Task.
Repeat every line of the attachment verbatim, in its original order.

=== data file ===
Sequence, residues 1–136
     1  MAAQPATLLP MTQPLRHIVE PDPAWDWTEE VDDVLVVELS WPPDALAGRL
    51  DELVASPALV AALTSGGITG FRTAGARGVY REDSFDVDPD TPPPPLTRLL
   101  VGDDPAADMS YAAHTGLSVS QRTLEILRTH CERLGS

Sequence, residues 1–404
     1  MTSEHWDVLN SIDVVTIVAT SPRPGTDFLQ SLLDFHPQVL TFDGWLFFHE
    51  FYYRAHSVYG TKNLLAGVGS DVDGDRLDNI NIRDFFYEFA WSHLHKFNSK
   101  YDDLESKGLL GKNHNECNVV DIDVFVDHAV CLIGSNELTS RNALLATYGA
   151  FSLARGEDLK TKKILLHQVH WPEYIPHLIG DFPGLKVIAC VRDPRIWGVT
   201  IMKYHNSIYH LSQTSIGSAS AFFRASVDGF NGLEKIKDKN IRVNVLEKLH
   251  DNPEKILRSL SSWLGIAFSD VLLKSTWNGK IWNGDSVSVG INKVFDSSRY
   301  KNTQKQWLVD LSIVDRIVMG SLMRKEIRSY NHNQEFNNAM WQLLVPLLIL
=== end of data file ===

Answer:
Sequence, residues 1–136
     1  MAAQPATLLP MTQPLRHIVE PDPAWDWTEE VDDVLVVELS WPPDALAGRL
    51  DELVASPALV AALTSGGITG FRTAGARGVY REDSFDVDPD TPPPPLTRLL
   101  VGDDPAADMS YAAHTGLSVS QRTLEILRTH CERLGS

Sequence, residues 1–404
     1  MTSEHWDVLN SIDVVTIVAT SPRPGTDFLQ SLLDFHPQVL TFDGWLFFHE
    51  FYYRAHSVYG TKNLLAGVGS DVDGDRLDNI NIRDFFYEFA WSHLHKFNSK
   101  YDDLESKGLL GKNHNECNVV DIDVFVDHAV CLIGSNELTS RNALLATYGA
   151  FSLARGEDLK TKKILLHQVH WPEYIPHLIG DFPGLKVIAC VRDPRIWGVT
   201  IMKYHNSIYH LSQTSIGSAS AFFRASVDGF NGLEKIKDKN IRVNVLEKLH
   251  DNPEKILRSL SSWLGIAFSD VLLKSTWNGK IWNGDSVSVG INKVFDSSRY
   301  KNTQKQWLVD LSIVDRIVMG SLMRKEIRSY NHNQEFNNAM WQLLVPLLIL